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Generation Gulf?

by Ashley David

I was talking about blogging with one of my undergraduate editors at Mandala Journal, and it seems that, as far as blogging goes, we may operate in parallel universes by virtue of the technology generations into which we were respectively born. Whitney, now twenty-one and an avid blogger, divides the blogging cosmos into “the Wordpress crowd” and “the Tumblr crowd.” She was raised on the ‘net and has been blogging in both environments for some time. She’s mostly left Wordpress behind. In the Tumblr universe, she finds that her expectations for community and for visual and textual stimulation are met. By contrast, she finds the Wordpress crowd to be, “It’s well, umm, how to put this? Static. It’s okay for grad students and my mom, but for my generation, we want more going on.” Ouch! I enlisted Whitney’s help to unpack her response because I must admit, I wasn’t exactly sure what she was talking about. Both in grad school and roughly Whitney’s mom’s age, I am clearly on the other side of a generation gap. I am not as “now” as Whitney is, and I’m more than a little unsettled by the prospect.

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by Ashley David

“Have you ever heard of a Bonanza Farm?” the North Dakota Tourism website asks me, and I have to answer, “Sure, I watched re-runs of Bonanza when I was a kid,” which is enough to betray me. I am so very much not from North Dakota, and the tv western I watched as a kid seems to have nothing to do with a North Dakotan notion of bonanza. Neither does my next leap to mining lingo. No, a Bonanza Farm is what resulted in the 19th century when the Northern Pacific Railroad offered its stock holders the opportunity to buy large tracts of land at government prices in order to raise capital to complete the railroad across what would shortly become the state of North Dakota. Next time you’re in North Dakota, you might want to visit one such farm, the tourism site continues, and they offer up Bagg Bonanza Farm near Mooreton. North Dakota not in your immediate travel plans? Then how about Brenda K. Marshall’s story “In Which a Coffin Is a Bed but an Ox Is Not a Coffin.” Marshall’s story kicks off the summer reading issue and is our featured story on the website, but don’t expect mosquitoes and bar-b-q. A chilly, chilly, chilling blizzard is in your future. Plus, two illustrations, the first of which sent me on my Bonanza Farm quest.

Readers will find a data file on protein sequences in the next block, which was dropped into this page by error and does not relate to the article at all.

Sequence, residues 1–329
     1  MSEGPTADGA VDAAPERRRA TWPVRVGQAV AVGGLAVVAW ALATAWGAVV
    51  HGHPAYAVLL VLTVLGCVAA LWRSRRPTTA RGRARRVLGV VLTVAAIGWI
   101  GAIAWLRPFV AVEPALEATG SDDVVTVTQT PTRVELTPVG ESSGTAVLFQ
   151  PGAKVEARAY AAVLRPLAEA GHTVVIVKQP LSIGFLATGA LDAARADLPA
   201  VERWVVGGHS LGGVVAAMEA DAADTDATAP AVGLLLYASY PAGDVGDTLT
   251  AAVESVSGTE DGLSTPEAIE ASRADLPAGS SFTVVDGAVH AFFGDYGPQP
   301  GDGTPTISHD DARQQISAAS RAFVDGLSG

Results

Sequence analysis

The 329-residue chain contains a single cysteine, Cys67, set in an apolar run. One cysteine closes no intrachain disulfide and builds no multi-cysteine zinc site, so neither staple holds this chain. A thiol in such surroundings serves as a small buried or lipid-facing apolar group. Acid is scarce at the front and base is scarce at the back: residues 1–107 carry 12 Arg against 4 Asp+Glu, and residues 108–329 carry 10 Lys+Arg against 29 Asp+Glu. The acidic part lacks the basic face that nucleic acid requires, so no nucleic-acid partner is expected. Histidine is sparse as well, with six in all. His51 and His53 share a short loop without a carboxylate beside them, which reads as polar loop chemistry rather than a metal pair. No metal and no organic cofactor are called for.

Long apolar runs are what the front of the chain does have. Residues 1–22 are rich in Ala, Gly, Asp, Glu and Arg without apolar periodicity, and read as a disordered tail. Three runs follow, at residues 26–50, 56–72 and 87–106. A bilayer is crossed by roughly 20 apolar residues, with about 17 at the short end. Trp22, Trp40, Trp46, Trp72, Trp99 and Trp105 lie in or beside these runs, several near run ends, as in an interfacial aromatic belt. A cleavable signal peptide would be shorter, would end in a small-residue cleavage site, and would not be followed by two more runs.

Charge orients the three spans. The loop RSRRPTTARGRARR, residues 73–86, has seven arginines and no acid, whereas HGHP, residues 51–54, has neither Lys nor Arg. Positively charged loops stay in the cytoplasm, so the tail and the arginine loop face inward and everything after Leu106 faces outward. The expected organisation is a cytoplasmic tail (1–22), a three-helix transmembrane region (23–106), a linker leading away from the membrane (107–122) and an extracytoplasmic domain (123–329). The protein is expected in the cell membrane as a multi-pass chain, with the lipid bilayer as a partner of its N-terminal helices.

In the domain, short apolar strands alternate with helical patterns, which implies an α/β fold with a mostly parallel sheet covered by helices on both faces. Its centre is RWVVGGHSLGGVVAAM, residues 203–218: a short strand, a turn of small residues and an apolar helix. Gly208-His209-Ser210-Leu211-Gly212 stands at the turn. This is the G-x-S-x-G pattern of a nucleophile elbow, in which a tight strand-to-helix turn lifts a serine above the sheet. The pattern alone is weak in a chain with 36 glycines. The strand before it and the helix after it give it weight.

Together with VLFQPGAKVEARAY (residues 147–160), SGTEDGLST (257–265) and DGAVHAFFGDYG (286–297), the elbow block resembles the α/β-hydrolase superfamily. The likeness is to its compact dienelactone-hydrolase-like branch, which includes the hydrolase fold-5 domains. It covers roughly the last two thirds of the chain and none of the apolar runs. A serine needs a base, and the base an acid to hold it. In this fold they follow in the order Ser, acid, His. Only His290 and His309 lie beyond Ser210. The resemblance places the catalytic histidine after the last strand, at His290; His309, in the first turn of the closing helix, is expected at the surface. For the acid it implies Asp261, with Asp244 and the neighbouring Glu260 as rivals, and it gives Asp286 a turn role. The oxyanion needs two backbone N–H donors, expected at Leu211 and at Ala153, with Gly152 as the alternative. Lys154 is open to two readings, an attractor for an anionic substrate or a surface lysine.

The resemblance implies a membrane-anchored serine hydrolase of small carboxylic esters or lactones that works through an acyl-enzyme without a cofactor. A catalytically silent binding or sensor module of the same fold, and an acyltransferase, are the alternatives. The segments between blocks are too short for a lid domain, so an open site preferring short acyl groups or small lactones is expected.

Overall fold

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You are what you eat.

by Ashley David

My hairdresser, Michelle, reads more books for fun these days than just about anyone else I know. When I make my twice-annual pilgrimage to her chair, she fills me in. This summer she re-read some Chuck Palahniuk, “always great.” She loved Peter Ho Davies’ The Welsh Girl. She discovered John Waters, the writer, “Fun to read. I love his movies, which reminds me, have you seen Cockettes?” A documentary about a psychedelic drag troupe in San Francisco’s North Beach in the 1960’s, it’s now on my list. But, don’t expect Waters. The film is related to Waters merely by associative leap. Back in Waters territory, we agree that a trip to his actual stomping grounds, a trip to Baltimore aka “Charm City” aka “The City that Reads,” is in order.

Summer 2010 Cover

Summer 2010

The Summer Reading issue … Heads out to India, the American West, the wilds of Minnesota, and the wilderness of a librarian’s heart in its fiction pages … While Megan Dreisbach reports on an autopsy, Christine Murphy on jury duty in New Orleans, Herbert Gold on his youthful misadventures, Frank Meola on Thoreau in New York … and Aisha Sloan on her hardworking father creating his dream house out of a unheated shell of rotting timber and leaking pipes … And poetry is provided by Evan Glasson, Eric Lee, Donald Platt, Chad Davidson, and Lilah Hegnauer.

Marshall_fig_1, Marshall_fig_2, Illustration by Megan Eckman


fiction by Brenda K. Marshall

The winter of 1881 found Frances Bingham reluctantly arrang­ing for her move from the spacious comfort of her father­-in­-law’s bonanza farm on the Dakota prairie to her almost­ com­pleted new home six miles away in Fargo. The arrangement that had suited both Percy and Frances since she had joined him in Dakota three years earlier—in which Percy insisted that he would soon leave his job as a newspaperman for the Fargo Argus to make a new start back east, and Frances, in turn, rea­soned that it made no sense for her and their son, Houghton, to move to Percy’s two rooms above the Argus in the meantime—had come to an end with Percy’s newfound respectability as Fargo’s delegate to the upcoming Fifteenth General Assembly of Dakota Territory. A man with a promising political career, Percy now insisted, must have his own home in Fargo, and his wife must live in that home with him, and not with his sister and father-­in­-law nearby.